Disneyland. I imagined long lines, huge crowds, unhealthy food, no recycling and my kids repeatedly asking me to buy over-priced souvenirs. But what a curmudgeonly mother I would be if I didn't go.
And of course, there were some long-term implications of choosing not to go. It would probably become a common dinner refrain: "Remember the time we went to Anaheim and mom wouldn't take us to Disneyland." I would also be cast into the role of the cheap communist, which admittedly I do sound like on occasion. I just don't agree with compulsive consumption or marketing aimed at children, among so many other things related to present-day Disney (Read: hypersexualized princesses). But in not going to see the mouse, I could inadvertently create two Disney-obsessed shopaholics.
It would be better to take them. Then, as I looked at the sheer size of Disneyland and the California Adventure Park, I realized that we would need to go for more than one day. There was also the age difference: my daughter is 10 and my son is 6. They wouldn't be interested in the same things, and this could lead to some hard feelings and inevitable arguments. The solution was to take them for three days.
FYI, you cannot get any deals on Disneyland tickets, but the price per day goes down considerably if you go for three days. After reading up on all the star attractions, I planned that we would do three high-profile rides by 11:00 in the morning before everyone arrived and the lines got long.
We flew through the gates on Monday morning when it opened at 8:00 am. (Weekends are the busiest, particularly in peak season from April to September.) The first surprise--there were recycling bins all around. We headed straight for Star Tours and Space Mountain only to discover that my 10-year-old daughter was too afraid to go on them.
I told her that I had been on Space Mountain before in Orlando and that it was a lot of fun. "No way," she said. After doing all the research, I was kind of looking forward to a few of the rides, Space Mountain being just one of them, but my daughter gave a definitive "No" to the first two. This was the same child who used to beg us to take her La Ronde, Montreal's amusement park.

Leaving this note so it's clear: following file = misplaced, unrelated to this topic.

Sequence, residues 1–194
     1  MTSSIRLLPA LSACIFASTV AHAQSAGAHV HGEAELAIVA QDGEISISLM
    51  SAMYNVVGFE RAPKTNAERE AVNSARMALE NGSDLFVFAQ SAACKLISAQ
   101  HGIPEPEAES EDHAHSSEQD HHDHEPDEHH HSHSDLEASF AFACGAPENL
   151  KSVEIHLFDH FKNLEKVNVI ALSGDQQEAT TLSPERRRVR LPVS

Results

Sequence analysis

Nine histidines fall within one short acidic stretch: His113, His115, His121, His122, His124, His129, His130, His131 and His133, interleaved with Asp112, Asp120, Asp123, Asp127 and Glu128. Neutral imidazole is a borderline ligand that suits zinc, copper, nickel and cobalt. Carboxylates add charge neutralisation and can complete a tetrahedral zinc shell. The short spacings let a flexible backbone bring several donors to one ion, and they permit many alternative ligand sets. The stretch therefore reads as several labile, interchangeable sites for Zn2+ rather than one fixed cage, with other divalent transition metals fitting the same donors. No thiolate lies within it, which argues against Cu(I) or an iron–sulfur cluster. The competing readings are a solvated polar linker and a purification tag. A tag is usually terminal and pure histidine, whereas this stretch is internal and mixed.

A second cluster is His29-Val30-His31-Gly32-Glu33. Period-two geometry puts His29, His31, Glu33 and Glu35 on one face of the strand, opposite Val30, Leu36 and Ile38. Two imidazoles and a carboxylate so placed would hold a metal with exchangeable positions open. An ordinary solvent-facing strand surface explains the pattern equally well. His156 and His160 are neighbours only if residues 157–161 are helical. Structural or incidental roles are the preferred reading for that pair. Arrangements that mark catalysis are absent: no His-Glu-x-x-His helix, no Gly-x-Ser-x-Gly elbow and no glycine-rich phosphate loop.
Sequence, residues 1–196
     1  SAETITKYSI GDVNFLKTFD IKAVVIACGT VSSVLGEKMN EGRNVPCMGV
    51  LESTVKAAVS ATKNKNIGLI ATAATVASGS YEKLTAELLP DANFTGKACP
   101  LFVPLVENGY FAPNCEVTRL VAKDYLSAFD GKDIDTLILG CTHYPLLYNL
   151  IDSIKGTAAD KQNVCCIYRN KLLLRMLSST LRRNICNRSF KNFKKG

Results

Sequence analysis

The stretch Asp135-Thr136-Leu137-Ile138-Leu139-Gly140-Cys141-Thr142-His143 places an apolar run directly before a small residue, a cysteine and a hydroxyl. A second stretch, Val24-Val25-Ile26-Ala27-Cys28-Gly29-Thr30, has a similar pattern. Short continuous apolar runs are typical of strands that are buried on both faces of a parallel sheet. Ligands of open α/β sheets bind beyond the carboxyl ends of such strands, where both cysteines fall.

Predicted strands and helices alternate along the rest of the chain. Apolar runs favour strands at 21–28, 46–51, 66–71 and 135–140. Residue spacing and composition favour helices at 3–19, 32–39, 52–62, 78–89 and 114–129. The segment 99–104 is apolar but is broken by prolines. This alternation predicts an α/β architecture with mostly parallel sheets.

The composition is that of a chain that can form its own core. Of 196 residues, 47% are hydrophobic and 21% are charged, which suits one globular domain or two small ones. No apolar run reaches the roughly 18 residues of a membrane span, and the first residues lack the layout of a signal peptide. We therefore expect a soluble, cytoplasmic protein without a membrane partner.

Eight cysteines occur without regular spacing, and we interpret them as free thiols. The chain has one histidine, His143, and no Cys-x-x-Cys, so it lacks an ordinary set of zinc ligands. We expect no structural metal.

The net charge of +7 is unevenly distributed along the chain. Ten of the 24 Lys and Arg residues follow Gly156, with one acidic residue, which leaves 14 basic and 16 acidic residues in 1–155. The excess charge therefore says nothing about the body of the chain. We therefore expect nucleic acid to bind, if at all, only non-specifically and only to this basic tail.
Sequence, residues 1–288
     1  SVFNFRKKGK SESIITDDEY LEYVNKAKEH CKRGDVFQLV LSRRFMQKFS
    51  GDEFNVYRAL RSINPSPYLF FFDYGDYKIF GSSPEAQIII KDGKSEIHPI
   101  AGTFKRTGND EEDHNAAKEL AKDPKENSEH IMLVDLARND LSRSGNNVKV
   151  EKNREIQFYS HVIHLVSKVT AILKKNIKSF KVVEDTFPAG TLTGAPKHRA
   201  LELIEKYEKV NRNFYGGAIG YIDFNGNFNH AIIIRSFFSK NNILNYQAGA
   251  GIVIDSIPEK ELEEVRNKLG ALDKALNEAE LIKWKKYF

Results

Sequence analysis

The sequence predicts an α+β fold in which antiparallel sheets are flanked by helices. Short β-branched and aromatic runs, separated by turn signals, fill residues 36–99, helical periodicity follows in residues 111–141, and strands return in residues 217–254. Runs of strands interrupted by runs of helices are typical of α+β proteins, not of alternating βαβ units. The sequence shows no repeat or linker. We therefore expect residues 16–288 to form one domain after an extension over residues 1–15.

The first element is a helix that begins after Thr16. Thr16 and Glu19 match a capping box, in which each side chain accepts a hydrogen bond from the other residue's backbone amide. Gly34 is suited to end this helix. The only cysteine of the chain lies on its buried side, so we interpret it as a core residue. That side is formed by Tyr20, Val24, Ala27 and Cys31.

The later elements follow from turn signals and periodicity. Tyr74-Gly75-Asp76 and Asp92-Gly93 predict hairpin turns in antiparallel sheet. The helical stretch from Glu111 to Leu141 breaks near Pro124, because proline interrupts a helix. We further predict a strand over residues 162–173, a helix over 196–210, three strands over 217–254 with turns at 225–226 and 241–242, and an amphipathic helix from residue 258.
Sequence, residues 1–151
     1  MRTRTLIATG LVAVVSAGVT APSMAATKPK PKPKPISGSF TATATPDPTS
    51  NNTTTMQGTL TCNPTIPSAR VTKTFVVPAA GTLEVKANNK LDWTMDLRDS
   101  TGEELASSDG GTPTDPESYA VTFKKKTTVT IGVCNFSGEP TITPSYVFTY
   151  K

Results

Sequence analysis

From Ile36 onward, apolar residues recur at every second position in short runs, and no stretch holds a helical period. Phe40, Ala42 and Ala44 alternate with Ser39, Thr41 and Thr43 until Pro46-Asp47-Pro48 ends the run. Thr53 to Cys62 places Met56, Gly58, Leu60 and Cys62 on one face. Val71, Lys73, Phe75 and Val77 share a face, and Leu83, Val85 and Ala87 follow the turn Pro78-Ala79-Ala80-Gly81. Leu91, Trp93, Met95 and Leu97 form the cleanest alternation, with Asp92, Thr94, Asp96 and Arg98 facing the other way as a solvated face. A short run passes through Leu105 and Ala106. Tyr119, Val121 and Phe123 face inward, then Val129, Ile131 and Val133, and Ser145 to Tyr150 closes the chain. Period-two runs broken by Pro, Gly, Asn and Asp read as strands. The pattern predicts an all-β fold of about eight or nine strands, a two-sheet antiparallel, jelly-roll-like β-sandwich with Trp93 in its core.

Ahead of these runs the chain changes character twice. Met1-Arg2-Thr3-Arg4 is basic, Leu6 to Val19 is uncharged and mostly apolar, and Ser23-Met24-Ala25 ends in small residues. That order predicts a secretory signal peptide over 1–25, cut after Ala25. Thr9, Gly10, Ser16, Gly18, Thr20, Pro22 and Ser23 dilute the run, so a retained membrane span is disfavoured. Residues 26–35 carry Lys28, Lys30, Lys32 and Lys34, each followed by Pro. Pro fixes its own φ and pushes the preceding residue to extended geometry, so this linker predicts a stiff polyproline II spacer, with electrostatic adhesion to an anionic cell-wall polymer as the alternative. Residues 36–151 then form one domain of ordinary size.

The day changed dramatically for all of us when we got to Fantasyland. This is the area of the park for small children with the original 1955 slow rides. The lines were short and the rides were fun. My kids' favourite was the Mad Hatter's Teacups, a ride we did four times. And as corny and embarrassing as it might sound, the Disney carousel was magical for me. But why would that be, especially when the carousels at Montmartre or in Santa Cruz are far more impressive? It took a day of pondering the reason before it came to me. I'd seen the Disney carousel hundreds of times in the opening sequence of the Wonderful World of Disney every Sunday at 6:00 pm as a kid, a period of optimism that predated my years of Disney cynicism.
After the carousel, I let go and enjoyed our day. I found myself looking at all the details of the park. It had all been so well thought out. There was no chipped paint or faded colours, and the ride attendants were gentle with my children. The imagineers, the professionals who devise, install and maintain the attractions, had done a wonderful job. Another positive point, the park offered healthy food choices, and there were even fruit stands. The food and souvenirs were fairly expensive, but not outrageously priced.
Overall, our three days were highly enjoyable, especially the two days when we went early in the morning and avoided the crowds. My two-day nostalgia-filled high from the carousel was exhilarating and gave me plenty of food for thought about marketing to children.
In spite of my education and cynicism, Disney had still managed to trigger a very positive reaction in me, a product of relatively "harmless" Disney from TV in the 1970s. I cannot fathom the impact of Disney's very powerful presence today on the next generation of adults.
I'm relieved to know that the province of Quebec does not allow fast food chains or toy companies to advertise on television to our children, and I wonder if this regulation came to one of our lawmakers after a trip to Disneyland.
Here's the opening of sequence of the Wonderful World of Disney from the 1970s. Do you remember this?